The Unspoken Towel Rule Tourists Visiting Italy Really Need To Know About

Italy is rich in history, art, and cuisine, but some cultural nuances may perplex the uninitiated tourist. A few of these concern the bathroom, or "bagno" in Italian. One bizarre thing tons of toilets in Italy don't have is a toilet seat, but one thing they do have is an unspoken towel rule. Hint: It has to do with bidets. 

In many Italian bathrooms, you'll find a trio of towels, each with its own purpose. First, there's the largest towel, meant for drying your body after a shower or bath. Then, the medium-sized towel, intended for drying your hands and face. Lastly, and perhaps most importantly for cultural etiquette, the smallest towel, which is often located near the bidet. This towel is not meant for the face or hands. You can probably guess why ...

Although its origins are vaguely French, the bidet is a fixture commonly found in Italian bathrooms, used for washing your intimate bits after going to the bathroom. Napoleon used the bidet religiously and had a custom one made from silver, which he took with him everywhere he traveled (he then gifted it to his son in his last will and testament).

A 1975 law requires all Italian homes to have at least one bidet. Clearly, these porcelain "cobs" are no laughing matter in Italy. Bidets are also quite nifty beyond the nether region: bathing babies, keeping beer cold, or doing laundry are some other unique alternative functions. However, the towel next to the bidet has one and only one function.

The bidet and the bidet towel

The small towel placed near the bidet is specifically designated for drying oneself after using this fixture. Nothing else. To the untrained eye, this nifty little towel might seem like a convenient hand towel, but using it as such will be quite the faux pas — not to mention a hygienic disaster. Likewise, do not use the hand towel as a bidet towel.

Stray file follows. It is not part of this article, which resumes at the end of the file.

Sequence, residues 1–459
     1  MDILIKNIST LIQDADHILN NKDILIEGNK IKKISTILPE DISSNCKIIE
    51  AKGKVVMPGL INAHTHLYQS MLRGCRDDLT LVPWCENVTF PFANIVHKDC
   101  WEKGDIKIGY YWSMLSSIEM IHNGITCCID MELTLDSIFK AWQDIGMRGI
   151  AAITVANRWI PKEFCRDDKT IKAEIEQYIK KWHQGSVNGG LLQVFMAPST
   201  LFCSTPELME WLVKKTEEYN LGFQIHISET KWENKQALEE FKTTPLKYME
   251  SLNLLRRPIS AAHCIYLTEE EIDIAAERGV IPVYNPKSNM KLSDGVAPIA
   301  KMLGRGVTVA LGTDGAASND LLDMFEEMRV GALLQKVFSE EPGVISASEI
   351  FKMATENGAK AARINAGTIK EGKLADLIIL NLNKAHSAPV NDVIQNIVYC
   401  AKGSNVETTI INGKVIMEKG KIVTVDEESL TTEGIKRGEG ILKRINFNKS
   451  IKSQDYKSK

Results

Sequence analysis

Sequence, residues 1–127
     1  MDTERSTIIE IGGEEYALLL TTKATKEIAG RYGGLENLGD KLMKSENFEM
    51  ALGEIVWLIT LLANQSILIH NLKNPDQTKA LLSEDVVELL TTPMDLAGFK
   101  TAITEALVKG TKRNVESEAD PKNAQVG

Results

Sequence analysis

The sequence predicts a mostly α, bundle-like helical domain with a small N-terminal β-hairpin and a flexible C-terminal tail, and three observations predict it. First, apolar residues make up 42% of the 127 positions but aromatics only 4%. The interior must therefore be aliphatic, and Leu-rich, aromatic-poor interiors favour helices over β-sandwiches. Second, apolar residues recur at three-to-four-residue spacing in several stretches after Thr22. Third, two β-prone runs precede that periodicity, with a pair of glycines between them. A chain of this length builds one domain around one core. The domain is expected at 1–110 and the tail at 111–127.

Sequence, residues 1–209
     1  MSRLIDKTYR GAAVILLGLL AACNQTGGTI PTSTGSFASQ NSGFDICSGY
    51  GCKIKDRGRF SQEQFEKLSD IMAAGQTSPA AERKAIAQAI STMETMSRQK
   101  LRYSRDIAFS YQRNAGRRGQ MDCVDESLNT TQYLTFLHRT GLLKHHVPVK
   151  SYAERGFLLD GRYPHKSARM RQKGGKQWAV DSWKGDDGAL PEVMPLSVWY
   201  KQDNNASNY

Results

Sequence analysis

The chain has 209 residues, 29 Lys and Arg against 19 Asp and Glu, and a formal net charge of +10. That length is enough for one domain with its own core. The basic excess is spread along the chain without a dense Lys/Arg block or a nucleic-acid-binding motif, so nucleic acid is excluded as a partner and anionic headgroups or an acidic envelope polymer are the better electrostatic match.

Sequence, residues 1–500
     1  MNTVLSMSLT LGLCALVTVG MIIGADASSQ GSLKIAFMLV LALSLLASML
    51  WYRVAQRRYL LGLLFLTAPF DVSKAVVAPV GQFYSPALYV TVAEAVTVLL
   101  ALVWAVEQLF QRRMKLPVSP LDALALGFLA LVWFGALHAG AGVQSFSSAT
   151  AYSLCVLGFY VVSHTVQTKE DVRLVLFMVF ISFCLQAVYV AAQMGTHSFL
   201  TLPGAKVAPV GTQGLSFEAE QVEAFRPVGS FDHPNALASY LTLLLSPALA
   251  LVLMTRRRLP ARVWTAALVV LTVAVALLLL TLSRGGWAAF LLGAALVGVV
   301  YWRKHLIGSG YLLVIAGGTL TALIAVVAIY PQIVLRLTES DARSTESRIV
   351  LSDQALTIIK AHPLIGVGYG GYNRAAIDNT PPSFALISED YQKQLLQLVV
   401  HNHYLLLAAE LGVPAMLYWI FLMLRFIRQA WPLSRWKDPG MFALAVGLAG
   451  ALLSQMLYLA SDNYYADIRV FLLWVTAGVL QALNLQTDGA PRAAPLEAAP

If you're staying in an Italian hotel, there will likely be a dedicated towel hanging next to the bidet. Use it correctly — one per guest! However, if you are visiting someone's house and see a little towel next to the bidet, do not use it. It's a private one. If the host didn't provide a personal bidet towel for guests, use toilet paper to dry off after the bidet.

You may also find something called "sapone intimo" or "detergent intimo" near the bidet. This is a type of gentle soap that you can use for your private bits while using the bidet. In Italy, there's a not-so-secret consensus that people who don't use a bidet are a little dirty. Thus, the bidet, soap, and towel trio is the holy trinity of the Italian WC.

All of this might seem strange or daunting, but this is essential toilet info you need to know before visiting Italy. Embrace the opportunity to learn and adapt to local customs. It will only enhance your travel experience and make going to the bagno a little more fun and clean.

Embracing Italian toilet customs

For tourists, the key to avoiding this cultural misstep is to observe and follow the towel placements as intended by your hosts or the hotel. If in doubt, remember the general rule of thumb: the smallest towel, often distinctively placed near the bidet or marked by a different color or pattern, should not be used for drying the hands or face. When staying in a private home, if you're unsure which towel to use, it's perfectly acceptable to ask your hosts to clarify.

Remember that this isn't exclusive to Italy; many other countries have similar practices regarding towel usage and bathroom etiquette. France, Spain, and Portugal in Europe, Japan in Asia, and Argentina and Venezuela in South America all commonly have bidets in the washrooms. In these countries and more, bidets are a part of daily life. The most important thing to remember is to follow the unspoken towel rule.

Using a bidet is more hygienic than toilet paper alone, as water and soap clean much more thoroughly. Bidets are also more environmentally friendly, as they significantly reduce the need for toilet paper. The average American uses 141 rolls of toilet paper per year! Regular bidet use can even help with various health conditions, including urinary tract infections and constipation. Furthermore, bidets can also help reduce the likelihood of clogged pipes and septic tanks. Maybe the Italians are onto something; after all, who wouldn't like a little wash — it's a washroom, isn't it?